Pages Navigation Menu

Email Us • (951) 693-2153 | (949) 238-7450 | (800) 344-1508

43525 Ridge Park Dr. Suite 100, Temecula 92590

120 Vantis, Suite 300, Aliso Viejo 92656

Financial Aid, Admissions, and Scholarship Assistance for College Undergrads and Graduate Students.

10 Tips for Acing Your Finals

10 Tips for Acing Your Finals

As the end of the school year approaches, so do final exams. Since finals make up such a large portion of your overall averages, a little extra work can make an enormous difference in your grades. Follow these ten tips so that you head into finals week well prepared to ace your exams.

Create the right study environment. Set up a spot that is comfortable and quiet, where you won’t be distracted or interrupted. If you can’t achieve this at home, go to the library or another favorite spot.

Be prepared. Don’t even start a study session until you have gathered everything you need. Each time you get up to find something, you risk getting distracted. This step is particularly important if you’re packing your backpack before heading to the library.

Pack a healthy snack. While you’re prepping for study time, include a healthy snack that pairs complex carbs with protein.

Grab a pack of flash cards. Using your notes, make yourself some question-and-answer flash cards. The act of making them will actually help you commit facts to memory, and then of course you can use the cards to quiz yourself.

Focus on the important points. There’s no way you can memorize everything your teacher ever said during class. Try to look through your notes and textbook, and narrow each topic to the most important points. If you aren’t sure what those are, ask your teacher or check the study guide.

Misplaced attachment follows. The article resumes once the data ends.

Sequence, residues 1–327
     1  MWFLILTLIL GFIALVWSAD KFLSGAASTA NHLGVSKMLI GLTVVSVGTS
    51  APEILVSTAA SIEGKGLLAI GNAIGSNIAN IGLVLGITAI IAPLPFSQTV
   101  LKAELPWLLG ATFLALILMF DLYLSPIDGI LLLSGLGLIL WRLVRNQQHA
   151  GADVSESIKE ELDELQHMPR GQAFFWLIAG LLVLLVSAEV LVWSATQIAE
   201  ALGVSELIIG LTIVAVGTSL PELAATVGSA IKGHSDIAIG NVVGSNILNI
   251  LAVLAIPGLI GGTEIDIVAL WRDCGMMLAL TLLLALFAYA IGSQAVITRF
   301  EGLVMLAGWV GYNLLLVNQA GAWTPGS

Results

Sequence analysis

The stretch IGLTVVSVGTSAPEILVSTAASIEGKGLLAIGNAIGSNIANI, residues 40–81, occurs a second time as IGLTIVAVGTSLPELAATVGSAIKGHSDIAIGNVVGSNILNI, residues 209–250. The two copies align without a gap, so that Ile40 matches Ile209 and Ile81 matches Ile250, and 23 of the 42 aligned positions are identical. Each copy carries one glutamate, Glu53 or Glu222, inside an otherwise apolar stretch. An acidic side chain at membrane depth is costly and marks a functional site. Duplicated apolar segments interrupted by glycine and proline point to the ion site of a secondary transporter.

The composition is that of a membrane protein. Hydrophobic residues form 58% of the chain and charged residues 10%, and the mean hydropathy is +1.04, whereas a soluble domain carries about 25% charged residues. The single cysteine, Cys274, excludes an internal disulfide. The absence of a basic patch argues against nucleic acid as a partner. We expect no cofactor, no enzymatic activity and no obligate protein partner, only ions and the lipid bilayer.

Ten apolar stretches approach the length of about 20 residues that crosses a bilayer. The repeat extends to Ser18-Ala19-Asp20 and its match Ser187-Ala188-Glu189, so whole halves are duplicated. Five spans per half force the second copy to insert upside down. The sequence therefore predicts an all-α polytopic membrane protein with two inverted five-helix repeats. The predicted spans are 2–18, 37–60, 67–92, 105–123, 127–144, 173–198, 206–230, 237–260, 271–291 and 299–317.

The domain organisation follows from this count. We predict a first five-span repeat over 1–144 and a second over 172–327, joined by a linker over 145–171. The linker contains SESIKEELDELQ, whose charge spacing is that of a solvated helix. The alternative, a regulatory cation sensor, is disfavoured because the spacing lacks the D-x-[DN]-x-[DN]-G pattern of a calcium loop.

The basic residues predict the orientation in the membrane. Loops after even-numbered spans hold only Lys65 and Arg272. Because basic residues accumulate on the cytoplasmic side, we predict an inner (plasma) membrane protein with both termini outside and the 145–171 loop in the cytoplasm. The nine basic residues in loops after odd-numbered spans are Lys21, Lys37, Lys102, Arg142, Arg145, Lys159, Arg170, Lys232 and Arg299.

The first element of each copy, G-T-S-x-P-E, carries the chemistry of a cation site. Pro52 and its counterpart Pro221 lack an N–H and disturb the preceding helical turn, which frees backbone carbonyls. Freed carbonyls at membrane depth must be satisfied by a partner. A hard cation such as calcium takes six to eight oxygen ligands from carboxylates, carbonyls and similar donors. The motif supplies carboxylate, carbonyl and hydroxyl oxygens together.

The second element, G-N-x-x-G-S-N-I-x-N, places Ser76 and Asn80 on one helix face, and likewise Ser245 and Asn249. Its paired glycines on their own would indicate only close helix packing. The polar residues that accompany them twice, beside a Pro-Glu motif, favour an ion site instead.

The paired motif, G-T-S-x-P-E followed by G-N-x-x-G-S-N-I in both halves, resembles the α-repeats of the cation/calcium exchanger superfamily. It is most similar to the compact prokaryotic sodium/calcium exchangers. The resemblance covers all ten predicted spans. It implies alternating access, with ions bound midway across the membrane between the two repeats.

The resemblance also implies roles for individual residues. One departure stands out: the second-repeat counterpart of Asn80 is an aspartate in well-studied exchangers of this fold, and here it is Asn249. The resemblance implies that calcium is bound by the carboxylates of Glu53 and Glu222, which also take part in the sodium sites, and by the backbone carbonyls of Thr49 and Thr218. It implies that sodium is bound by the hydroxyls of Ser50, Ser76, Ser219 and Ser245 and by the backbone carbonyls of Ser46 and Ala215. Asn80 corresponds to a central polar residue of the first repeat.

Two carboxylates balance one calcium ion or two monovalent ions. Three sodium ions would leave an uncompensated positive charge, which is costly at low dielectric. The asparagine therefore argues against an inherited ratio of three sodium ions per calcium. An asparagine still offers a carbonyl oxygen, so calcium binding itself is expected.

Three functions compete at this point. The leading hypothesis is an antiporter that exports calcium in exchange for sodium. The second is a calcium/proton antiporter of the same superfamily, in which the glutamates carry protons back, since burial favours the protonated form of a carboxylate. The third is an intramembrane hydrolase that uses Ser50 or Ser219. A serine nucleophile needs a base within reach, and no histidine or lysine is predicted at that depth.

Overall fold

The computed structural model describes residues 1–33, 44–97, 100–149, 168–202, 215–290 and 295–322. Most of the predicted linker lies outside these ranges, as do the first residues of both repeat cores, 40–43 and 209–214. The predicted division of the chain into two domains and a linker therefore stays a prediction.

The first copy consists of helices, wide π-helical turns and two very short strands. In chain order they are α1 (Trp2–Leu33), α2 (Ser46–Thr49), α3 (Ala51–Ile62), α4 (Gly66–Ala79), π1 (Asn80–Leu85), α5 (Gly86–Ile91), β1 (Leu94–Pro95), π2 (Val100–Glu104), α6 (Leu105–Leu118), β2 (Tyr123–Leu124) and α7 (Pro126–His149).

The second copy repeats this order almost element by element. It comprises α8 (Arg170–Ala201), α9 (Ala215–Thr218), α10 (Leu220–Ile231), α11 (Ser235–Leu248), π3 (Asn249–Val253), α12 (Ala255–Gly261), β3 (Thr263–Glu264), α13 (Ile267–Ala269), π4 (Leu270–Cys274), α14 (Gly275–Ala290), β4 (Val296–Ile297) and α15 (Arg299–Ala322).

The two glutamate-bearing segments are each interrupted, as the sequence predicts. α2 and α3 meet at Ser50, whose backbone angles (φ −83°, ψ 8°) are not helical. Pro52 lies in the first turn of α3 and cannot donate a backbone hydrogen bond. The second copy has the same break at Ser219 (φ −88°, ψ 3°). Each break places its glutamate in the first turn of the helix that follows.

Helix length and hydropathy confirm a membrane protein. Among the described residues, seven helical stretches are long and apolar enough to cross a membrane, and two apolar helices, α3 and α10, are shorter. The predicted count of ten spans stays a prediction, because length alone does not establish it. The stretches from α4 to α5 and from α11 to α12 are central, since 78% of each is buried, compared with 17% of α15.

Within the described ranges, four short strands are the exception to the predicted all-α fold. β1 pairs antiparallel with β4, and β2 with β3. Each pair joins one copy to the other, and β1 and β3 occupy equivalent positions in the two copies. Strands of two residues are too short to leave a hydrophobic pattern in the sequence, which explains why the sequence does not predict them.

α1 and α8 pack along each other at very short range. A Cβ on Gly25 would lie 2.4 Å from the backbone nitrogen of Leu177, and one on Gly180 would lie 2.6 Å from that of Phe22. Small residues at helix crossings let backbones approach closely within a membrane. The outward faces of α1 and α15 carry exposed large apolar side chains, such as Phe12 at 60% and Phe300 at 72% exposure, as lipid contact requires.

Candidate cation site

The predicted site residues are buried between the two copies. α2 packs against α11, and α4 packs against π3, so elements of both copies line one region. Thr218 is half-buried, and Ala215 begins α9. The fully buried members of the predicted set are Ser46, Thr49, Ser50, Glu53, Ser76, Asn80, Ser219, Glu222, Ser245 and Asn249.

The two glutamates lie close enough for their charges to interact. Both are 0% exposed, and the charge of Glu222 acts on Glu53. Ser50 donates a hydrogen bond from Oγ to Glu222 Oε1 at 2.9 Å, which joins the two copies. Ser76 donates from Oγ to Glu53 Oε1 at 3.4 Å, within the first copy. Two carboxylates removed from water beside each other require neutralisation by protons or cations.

Move from basic to most complex. As we said, most of your study time should be spent learning the most important points of each topic. But once you’ve mastered those, you can focus a bit more on finer details. The point is to commit the majority of your time to the questions that are most likely to make up the bulk of the test.

Study alone. Group study seems like a good idea, but these sessions tend to morph into chat time.

Take breaks. Take a fifteen minute break after each hour of study time. Set an alarm that reminds you to pause, and set the snooze to fifteen minutes. That way you won’t get distracted during break time.

Don’t pull an all-nighter. You’re better off with less study time, and more sleep. Those who attempt to ace a test on zero sleep are not often successful.

Talk to your teacher. Don’t wait until the night before the test. Raise your hand during class, ask questions, and participate in discussions. Most importantly, talk to your teacher in person, or send them an email, if you’re not clear on a topic discussed in class.